True Beliefs - The American Spectator | USA News and Politics
True Beliefs

Re: Jeremy Lott’s Sullivan Agonistes:

Please know that Mr. Sullivan does not speak for all Catholics who experience same sex attraction. With my brothers and sisters in Courage, at least some of us endeavor to live chastely in accordance with the teachings of the Catholic Church. It is a difficult but rewarding lifestyle.

God bless,
Charles Silesia

Good article — I tend to be one of those Christians who believe it impossible to be true Christian — and remain unrepentant in any singular class of sinful behavior. i.e one cannot be both Christian and homosexual. But there are many nominal but sincere Christians who disagree with me. Is that a problem? Not at all. It is not for me to judge them — nor for them to judge me. I am given to follow only the Good Shepherd Jesus Christ — and none other. And that is given to others as well. But you make a good point that it will be an interesting thing to watch — this one who want to be both a Catholic and unrepentant “abomination unto the Lord.”
Robert J. Burkhold

Re “Sullivan Agonistes”: there is a Papal order from, I think, 1961 forbidding the ordination of homosexuals. The American Bishops who have allowed it are in direct disobedience.
— unsigned

God called the first man and woman to rule over the earth together. God does not change. The word of God stands forever. Sullivan is into wishful thinking and creating the God he would want. I liken this to making Mr. Potato head as a child. You can’t make God in your own image. Grow up, Mr. Sullivan.
Linda Watson
Kaneohe, Hawaii

I can’t understand why you would waste your time and the readers time on the nonsense you have just written. You’ve drawn no conclusion on either side of this debate. I do think it would be worth your while (Sullivan’s too) to read the First Chapter of Romans. There is no debate. Apostle Paul says it all.
G.J. Shaning

Re: Editor’s note Pretty in Pink:

Don’t forget that last week Daschle wore a pink tie when he pitched his “this is outrageous!!!!” fit on the Senate floor. Three examples equals a solid trend.
— unsigned

Congressman McDermott is right! Mr. Bush misled us about his team’s prior 9/11 knowledge & promises to smoke out bin Laden “dead or alive.” Our economy’s in the toilet & our touted MBA CEO leader is focused on his March2Baghdad. Peeps in this hood bet our SoD is provoking the other old shoe to eject into the Iraqi desert. Will Saddam get that lucky? Who needs a war?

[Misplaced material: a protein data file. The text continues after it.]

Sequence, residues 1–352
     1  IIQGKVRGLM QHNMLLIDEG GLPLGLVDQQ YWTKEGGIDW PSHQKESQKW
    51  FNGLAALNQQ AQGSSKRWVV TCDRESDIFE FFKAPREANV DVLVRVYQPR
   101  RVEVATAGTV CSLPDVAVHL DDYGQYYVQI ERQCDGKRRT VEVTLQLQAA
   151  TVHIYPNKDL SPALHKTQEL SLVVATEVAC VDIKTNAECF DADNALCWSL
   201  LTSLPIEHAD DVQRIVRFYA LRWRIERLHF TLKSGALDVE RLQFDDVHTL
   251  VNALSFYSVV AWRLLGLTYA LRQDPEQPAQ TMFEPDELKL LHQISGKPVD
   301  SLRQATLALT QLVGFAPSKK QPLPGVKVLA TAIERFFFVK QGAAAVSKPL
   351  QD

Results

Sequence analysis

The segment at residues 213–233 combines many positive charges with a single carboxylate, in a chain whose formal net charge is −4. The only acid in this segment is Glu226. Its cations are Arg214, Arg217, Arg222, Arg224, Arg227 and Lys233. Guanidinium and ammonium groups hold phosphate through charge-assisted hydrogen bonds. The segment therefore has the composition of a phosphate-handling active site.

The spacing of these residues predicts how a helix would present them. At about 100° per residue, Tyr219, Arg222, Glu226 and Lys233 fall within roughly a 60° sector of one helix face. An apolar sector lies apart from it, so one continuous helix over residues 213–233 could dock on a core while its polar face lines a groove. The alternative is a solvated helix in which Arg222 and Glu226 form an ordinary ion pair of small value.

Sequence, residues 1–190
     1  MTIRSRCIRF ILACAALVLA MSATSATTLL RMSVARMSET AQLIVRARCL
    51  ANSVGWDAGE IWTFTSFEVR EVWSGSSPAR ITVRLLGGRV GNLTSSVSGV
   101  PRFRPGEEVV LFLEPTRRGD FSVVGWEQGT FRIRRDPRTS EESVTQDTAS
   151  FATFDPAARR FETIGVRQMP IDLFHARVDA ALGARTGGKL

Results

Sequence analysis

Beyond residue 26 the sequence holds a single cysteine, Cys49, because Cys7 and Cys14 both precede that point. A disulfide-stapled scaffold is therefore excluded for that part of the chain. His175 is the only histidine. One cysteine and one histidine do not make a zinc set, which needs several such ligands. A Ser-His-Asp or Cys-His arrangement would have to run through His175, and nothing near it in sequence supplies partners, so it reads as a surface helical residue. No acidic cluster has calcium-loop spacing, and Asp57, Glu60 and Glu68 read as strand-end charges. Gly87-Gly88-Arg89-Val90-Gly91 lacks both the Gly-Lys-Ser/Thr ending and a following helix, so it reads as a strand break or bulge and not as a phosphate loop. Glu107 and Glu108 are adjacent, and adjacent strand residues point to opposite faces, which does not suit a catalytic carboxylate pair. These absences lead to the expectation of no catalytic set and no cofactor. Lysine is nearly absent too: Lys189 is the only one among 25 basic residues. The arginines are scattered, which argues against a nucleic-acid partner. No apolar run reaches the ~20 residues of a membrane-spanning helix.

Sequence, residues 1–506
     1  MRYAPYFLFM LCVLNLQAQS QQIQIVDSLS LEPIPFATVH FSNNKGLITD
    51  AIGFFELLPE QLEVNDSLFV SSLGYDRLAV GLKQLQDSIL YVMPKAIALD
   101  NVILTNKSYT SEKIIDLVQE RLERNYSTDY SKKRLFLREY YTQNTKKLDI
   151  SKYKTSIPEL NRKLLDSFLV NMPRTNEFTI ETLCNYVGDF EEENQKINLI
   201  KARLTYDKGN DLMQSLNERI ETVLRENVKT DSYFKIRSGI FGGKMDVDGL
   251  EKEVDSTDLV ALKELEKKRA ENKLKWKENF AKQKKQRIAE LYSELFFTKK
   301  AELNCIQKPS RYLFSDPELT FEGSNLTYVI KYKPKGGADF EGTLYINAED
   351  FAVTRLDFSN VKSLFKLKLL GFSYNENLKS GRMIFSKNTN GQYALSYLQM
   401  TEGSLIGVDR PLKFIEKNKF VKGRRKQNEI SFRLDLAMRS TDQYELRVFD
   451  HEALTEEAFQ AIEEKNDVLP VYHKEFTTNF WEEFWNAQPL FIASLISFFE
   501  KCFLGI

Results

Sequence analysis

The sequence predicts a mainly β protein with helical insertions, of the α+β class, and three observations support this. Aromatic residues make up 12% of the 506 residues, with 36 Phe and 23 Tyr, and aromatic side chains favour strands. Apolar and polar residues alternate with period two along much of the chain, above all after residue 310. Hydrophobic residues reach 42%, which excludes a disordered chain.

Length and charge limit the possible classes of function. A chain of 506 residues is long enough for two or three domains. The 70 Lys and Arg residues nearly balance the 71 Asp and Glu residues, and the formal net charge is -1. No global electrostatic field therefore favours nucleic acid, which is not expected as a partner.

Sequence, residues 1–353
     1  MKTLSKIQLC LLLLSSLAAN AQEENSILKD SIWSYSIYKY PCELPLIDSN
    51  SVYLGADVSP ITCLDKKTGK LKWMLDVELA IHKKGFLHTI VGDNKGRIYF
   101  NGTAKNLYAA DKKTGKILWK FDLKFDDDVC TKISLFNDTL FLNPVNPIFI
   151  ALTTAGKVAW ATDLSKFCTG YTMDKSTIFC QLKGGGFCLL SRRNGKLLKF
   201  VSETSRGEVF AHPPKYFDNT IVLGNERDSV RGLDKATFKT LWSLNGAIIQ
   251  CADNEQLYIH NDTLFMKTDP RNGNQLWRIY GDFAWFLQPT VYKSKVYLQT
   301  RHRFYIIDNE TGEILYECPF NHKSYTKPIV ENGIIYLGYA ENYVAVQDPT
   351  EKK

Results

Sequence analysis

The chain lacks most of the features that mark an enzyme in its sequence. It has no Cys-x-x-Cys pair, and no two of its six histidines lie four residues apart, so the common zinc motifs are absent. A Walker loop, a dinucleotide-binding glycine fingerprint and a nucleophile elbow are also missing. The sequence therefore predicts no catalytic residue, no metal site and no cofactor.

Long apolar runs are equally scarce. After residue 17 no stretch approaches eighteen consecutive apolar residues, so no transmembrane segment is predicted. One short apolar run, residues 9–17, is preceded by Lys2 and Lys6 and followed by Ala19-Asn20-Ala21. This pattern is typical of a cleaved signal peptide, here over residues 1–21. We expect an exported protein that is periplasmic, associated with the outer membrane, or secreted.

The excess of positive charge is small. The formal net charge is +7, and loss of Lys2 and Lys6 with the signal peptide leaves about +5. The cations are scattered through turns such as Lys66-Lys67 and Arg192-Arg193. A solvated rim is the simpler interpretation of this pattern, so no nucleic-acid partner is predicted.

Irving C. Jackson
Oakland, CA

Re: Peter Hannaford’s Continent’s End:
I enjoyed Mr. Hannaford’s article describing the idiosyncrasies of San Francisco. However, I thought there might be a mention of the City’s acceptance of eccentric political proclamations. No, I don’t mean Al Gore, I was thinking of Emperor Norton.
Mary Van Buren
Phoenix, AZ

As a talk show guy (and in other radio personality type gigs) I once took great joy in upsetting the proverbial apple-carts of the sanctimonious and fraudulent “pretenders” by always asking, “Oh, what city?” when some pompous individual spouted forth, or calling it “Frisco” — and, to this day, I’m baffled as to those who think San Francisco “walks on water” — or words to that effect.
Jack Frost

Re: George Neumayr’s Paid Family Left:

Almost as helpful as paving the way for no-fault divorce.
Scott Booth

Re: Reid Collins’s Easy Ryder:

Does Reid Collins play golf or just follow it with the transitory interest of a television reporter? His piece on the Ryder Cup had not only that snide tone we hear so often in Europhiles, but also some errors of timing. His swing is off.

For example, he has the “forlorn twosome” of Mickelson and Price, “finishing out their match” after McGinley made the putt that clinched the cup for Europe. But Mickelson, with the kind of lame Sunday performance he has perfected in high pressure events and his patented, final day miss of a 3-foot putt, had already been thrashed by the No. 119 player in the world. That was one reason McGinley’s putt mattered.

Also, the notion the American players behaved “crudely” at Brookline is a myth. It’s true our fans weren’t on their best behavior, but too much has been made — mostly by the bitter, beaten European players that year — of our team’s rejoicing after Leonard sunk an impossibly long putt.

With television’s usual brevity and slant, he identifies Montgomerie only as, “a preferred target for American spectators when visiting this country,” and does not even mention in passing the asinine, rude things Montgomerie has a lifelong habit of saying about U.S. players. Monty’s not a “target” here because he crumbles like poundcake in the majors. He’s a “target” because he’s been such a jerk. While he may have handled himself well last weekend he has not in the past.

Finally, so what if Strange said we got a “European butt-whipping”? Sure it’s a tad crude, but it hardly qualifies as a horrible blunder in etiquette. Most importantly, it’s true. Europe’s team played terrific golf and won. Good for them. They — and the Ryder Cup — deserve better articles than Collins’.
Jim Varney

Mickelson had finished his match by the time the Euros clinched. McGinley’s putt gave them 14 1/2 points, then Love and Tiger each surrendered another half point each for the final score.
Hareendra Yalamanchili

Sign up to receive our latest updates! Register

By submitting this form, you are consenting to receive marketing emails from: The American Spectator, 122 S Royal Street, Alexandria, VA, 22314, You can revoke your consent to receive emails at any time by using the SafeUnsubscribe® link, found at the bottom of every email. Emails are serviced by Constant Contact

Be a Free Market Loving Patriot. Subscribe Today!

Black Friday Special

The American Spectator

One Month for Only $2.99

The offer renews after one year at the regular price of $10.99 monthly.